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Am J Clin Nutr. 1996 Oct;64(4):622-6.

Gastric acidity influences the blood response to a beta-carotene dose in humans.

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1
Jean Mayer US Department of Agriculture Human Nutrition Research Center on Aging, Tufts University, Boston, MA 02111. TangvHP@HNRC.Tufts.edu

Abstract

The effect of gastric acidity on the blood response to a single dose of 120 mg beta-carotene in humans was investigated in 12 normal subjects (5 women, 7 men) aged 23-68 y. Omeprazole was used for 7 d to obliterate gastric acid secretion and to raise gastric pH to > 4.5. In a crossover design, six subjects were randomly assigned to take beta-carotene with omeprazole either at the beginning (day 9) or at the end (day 26) of the study. The beta-carotene response in blood was not altered by the experimental order. Results from the high-gastric-pH phase (ie, with omeprazole) were analyzed together and compared with the results from the low-gastric-pH phase (ie, without omeprazole). The increases of serum concentrations of both trans beta-carotene and cis beta-carotene 6 and 24 h after the beta-carotene dose were significantly greater at a low gastric pH (pH = 1.3 +/- 0.1, ie, without omeprazole) than those at a high gastric pH (pH = 6.4 +/- 0.3, ie, with omeprazole), P < 0.02. Similarly, 24 h after beta-carotene administration, the area under the blood beta-carotene response curve (trans plus cis beta-carotene) was significantly greater at a low gastric pH (6825 +/- 760 nmol.h/L) than at a high gastric pH (3390 +/- 550 nmol.h/L), P < 0.002. In investigations of bacterial overgrowth, gelatin capsule disintegration and isomeric profiles associated with high and low pH, we could not identify factors to explain the differences observed in the blood response curves between low-gastric-pH and high-gastric-pH conditions. A suppressed blood response of beta-carotene at a high intraluminal pH may have been due to the slower movement of negatively charged micelles through the unstirred water layer and cell membrane.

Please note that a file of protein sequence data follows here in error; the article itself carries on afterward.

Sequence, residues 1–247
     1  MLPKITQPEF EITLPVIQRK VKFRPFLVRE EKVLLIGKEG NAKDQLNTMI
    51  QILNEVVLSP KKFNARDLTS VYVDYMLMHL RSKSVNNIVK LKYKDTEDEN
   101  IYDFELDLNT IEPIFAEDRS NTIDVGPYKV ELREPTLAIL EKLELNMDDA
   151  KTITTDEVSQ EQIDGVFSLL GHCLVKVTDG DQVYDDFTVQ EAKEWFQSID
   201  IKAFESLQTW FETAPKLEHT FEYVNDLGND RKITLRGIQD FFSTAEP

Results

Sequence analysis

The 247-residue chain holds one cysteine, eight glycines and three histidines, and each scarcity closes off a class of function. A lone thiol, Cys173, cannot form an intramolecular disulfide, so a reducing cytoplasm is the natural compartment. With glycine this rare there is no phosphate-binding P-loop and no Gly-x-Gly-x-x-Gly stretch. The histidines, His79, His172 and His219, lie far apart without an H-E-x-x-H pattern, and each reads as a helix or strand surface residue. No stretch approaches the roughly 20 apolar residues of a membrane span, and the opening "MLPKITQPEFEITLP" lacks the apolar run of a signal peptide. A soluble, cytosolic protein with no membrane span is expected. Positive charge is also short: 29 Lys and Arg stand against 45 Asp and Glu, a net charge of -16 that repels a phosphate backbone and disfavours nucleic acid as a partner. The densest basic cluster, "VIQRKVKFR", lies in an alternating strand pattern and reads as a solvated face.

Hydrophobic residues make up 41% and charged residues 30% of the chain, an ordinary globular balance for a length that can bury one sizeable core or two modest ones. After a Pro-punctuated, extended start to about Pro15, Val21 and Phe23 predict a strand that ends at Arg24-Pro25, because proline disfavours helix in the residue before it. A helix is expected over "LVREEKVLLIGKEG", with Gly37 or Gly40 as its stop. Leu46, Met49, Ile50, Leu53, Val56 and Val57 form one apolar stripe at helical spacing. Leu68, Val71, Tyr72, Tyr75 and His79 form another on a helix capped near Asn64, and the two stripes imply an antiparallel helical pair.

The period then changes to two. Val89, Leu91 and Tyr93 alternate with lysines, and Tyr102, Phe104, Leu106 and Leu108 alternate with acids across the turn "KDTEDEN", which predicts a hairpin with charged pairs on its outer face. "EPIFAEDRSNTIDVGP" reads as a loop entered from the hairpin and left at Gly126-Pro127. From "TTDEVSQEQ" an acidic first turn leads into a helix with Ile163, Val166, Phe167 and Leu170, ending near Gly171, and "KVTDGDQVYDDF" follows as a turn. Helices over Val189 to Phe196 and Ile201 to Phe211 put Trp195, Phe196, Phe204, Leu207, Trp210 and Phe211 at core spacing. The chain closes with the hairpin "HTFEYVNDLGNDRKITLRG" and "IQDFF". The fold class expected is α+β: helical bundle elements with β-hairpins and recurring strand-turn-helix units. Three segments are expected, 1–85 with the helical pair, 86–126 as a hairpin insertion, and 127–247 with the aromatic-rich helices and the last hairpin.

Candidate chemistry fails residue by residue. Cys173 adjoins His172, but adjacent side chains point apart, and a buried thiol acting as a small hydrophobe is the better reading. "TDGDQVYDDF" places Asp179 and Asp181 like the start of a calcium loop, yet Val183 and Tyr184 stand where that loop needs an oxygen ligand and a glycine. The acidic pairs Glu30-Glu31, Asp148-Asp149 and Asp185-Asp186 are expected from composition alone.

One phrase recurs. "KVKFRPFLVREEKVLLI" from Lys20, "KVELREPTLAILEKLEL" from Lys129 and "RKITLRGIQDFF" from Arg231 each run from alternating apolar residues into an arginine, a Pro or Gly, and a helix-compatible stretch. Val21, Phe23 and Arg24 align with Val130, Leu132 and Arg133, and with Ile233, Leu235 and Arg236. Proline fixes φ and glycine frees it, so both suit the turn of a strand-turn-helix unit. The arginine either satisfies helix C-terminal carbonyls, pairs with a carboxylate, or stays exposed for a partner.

PMID:
8839509
[Indexed for MEDLINE]
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